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Turbulent Thailand

Thailand faces bigger protests against election delay

Pro-democracy rallies planned in the capital despite army warnings

An activist takes part in a Jan. 8 demonstration in Bangkok demanding elections be held on Feb. 24.   © Reuters

BANGKOK -- A backlash is growing in Thailand against the military junta's apparent move to further delay elections that are supposed to restore civilian rule, with pro-democracy demonstrators planning to step up their protests in the capital this weekend.

The government had given assurances that voting would take place on Feb. 24. But in the latest suggestion that the polls could be pushed back yet again, Deputy Prime Minister Wissanu Krea-ngam on Thursday said March 24 was the "most suitable date" because it would not overlap with events related to King Vajiralongkorn's coronation in early May.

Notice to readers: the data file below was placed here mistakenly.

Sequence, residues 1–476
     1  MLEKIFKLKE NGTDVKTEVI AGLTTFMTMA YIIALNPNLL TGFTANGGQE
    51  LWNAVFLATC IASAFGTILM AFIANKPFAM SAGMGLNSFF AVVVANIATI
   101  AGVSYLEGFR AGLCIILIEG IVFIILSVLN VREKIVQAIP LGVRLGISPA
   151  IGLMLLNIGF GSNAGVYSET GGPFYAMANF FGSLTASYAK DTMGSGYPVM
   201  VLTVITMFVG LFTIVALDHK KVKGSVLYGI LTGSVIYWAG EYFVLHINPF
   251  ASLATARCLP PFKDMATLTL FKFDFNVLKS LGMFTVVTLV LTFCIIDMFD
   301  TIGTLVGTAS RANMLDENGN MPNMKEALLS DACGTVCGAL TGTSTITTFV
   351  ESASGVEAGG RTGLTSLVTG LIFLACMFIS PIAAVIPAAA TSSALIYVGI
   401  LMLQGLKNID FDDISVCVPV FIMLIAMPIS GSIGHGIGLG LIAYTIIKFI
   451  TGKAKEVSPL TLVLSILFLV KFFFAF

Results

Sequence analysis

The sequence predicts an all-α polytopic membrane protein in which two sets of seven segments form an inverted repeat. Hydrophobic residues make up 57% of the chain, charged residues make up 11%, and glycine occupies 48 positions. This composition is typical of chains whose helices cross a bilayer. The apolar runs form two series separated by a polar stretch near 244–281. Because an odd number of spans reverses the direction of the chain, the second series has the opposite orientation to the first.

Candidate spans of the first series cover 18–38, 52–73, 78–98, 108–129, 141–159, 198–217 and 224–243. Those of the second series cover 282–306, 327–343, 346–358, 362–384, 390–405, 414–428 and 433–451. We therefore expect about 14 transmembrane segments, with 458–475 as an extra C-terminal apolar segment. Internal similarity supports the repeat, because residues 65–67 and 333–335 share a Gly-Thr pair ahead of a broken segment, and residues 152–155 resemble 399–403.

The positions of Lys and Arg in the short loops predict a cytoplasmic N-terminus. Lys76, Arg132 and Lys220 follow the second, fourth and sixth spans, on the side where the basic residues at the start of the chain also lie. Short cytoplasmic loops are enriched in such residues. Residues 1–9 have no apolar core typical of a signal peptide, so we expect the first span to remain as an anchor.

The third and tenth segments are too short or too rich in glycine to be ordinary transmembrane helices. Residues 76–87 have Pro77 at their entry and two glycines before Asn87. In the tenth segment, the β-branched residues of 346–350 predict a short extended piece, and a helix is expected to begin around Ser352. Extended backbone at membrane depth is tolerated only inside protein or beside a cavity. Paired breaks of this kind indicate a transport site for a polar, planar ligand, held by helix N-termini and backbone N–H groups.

Democracy activists accused the government of buying time for pro-military parties to prepare for the first elections since the military seized power in a bloodless 2014 coup.

The activists, who have staged several protests over the past week, are demanding that the elections be held no later than March 10. The group warned of bigger protests in Bangkok if the junta does not begin the necessary preparations.

This has prompted a rebuke from authorities.

"They cannot set conditions to negotiate with the government," Prime Minister Prayuth Chan-ocha said of the activists, according to local media. Army chief Gen. Apirat Kongsompong warned protesters on Tuesday not to "cross the line," and threatened to send in security forces to maintain order.

Demonstrations against the military government last May drew a large security presence that forcibly removed protesters and detained 15 protesters. But unlike then, the junta now allows freedom of political assembly.

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